Srinagar: With increasing deaths of neonates being reported in the state, the government has failed miserably to enhance the number of doctors in this vital sector.
“There are only 36 Paediatricians taking care of the child care health system in peripheries. These doctors too prefer referring patients to Srinagar and are attending to the ailments like cough and fever only,” said a source.
What is more pathetic and what is adding to the grim situation, is that these 36 Paediatricians are lying scattered in different district and sub-district hospitals, leading to the failure of effective delivery system on ground, besides resulting in only adding to the burden of the central health care system.
Data available with ‘Kashmir Vision’ states that there are only 36 Paediatricians in-position against the total sanctioned number of 58 posts, leaving 22 positions vacant.
In contrast to the specialist strength available in peripheries, valley’s lone Paediatric care hospital GB Panth, Srinagar, as per sources, is equipped with around 50 paediatricians, which includes faculty and post graduates.
Still, the number at GB Panth hospital, is said not be not enough to cater to the huge rush that is being referred from peripheries.
On an average, a Paediatrician in the peripheries attends to the rush of 200 patients per OPD, and it has been observed that the cases that need immediate attention and specialized treatment are referred to the facilities available at the Central health care system, which is lying burdened.
Experts say that manpower lying scattered is good for nothing, as there should not have been any need of referring the patient to Srinagar.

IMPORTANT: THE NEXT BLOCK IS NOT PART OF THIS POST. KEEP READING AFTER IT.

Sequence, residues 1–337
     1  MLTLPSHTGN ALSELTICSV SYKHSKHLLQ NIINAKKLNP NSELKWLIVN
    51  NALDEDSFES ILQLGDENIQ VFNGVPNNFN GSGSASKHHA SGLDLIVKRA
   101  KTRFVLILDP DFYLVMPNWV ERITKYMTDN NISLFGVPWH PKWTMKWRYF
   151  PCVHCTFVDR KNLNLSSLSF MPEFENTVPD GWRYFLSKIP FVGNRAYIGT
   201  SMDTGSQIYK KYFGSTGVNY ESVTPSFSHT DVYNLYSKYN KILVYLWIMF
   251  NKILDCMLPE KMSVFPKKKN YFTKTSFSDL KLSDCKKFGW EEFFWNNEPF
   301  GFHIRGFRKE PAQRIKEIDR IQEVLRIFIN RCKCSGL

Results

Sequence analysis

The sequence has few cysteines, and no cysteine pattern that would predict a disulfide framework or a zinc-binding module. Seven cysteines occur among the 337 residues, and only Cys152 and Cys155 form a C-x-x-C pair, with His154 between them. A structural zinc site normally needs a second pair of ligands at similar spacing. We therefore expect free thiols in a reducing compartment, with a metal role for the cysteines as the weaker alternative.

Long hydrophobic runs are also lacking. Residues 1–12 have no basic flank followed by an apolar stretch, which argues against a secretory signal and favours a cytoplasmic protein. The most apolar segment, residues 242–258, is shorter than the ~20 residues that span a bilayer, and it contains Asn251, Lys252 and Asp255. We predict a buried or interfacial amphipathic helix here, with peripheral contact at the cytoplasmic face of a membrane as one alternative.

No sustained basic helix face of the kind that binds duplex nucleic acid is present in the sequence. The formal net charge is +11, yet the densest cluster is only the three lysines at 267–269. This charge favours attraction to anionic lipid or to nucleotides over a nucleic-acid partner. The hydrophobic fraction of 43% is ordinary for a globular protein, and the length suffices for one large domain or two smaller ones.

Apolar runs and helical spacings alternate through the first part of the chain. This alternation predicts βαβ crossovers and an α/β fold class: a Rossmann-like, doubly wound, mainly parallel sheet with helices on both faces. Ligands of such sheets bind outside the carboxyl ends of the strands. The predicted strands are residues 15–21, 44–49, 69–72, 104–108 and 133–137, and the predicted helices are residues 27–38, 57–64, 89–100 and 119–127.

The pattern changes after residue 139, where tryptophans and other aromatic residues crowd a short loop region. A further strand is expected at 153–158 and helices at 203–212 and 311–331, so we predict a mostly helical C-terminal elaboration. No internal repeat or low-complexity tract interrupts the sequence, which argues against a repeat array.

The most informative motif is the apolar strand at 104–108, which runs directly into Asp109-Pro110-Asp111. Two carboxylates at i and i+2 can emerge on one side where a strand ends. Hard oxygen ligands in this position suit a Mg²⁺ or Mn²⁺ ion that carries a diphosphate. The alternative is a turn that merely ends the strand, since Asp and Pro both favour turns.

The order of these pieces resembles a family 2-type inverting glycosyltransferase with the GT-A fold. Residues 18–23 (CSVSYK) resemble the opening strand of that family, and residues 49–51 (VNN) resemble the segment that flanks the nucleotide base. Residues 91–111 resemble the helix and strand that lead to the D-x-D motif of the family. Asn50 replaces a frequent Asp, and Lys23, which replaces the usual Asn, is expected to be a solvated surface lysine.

“The number of paediatricians fails to enhance the working of the system, because left alone they cannot do anything,” said a medico.
What is another interesting fact is that the consultants/paediatricians at district and sub district level have been left to treat ailments like cough and fever, which, as per experts could have been taken of care by a trained medical officer.
“They lack backup of specialized people at district and sub district level and they are left with no option but to refer the patients,” Dr Suhail Naik, President Doctors Association of Kashmir (DAK) said.
The referrals often cause deaths, because the ‘golden hour’ is lost while travelling from a remote village is Kupwara to Srinagar, “with the result there are increased deaths,” he said, but he was quick to add “still the infant mortality rate is better in the state.”
While pointing out to lacunas in the system, experts are suggesting a remedy to the ailing paediatric health care in Kashmir, in a way which enhances the functioning of the healthcare and in particular the paediatric care.
“There is need to club the available manpower, which is lying scattered, hardly making an impact the way it is being made to operate,” says Dr Naik.
“If these available 36 paediatrics are clubbed at two different hospitals: one in north and one in south, and are provided with required facilities, the arrangement can do wonders, in addition, train the medical officers who can attend to the ailments like cough and fever in newborns in OPDs,” he said, adding “there is also a need to fill the vacant paediatric position in peripheries.
“There will be steep fall in referral rate, which will result in less number of deaths—if such a shift is brought in the policy,” he added.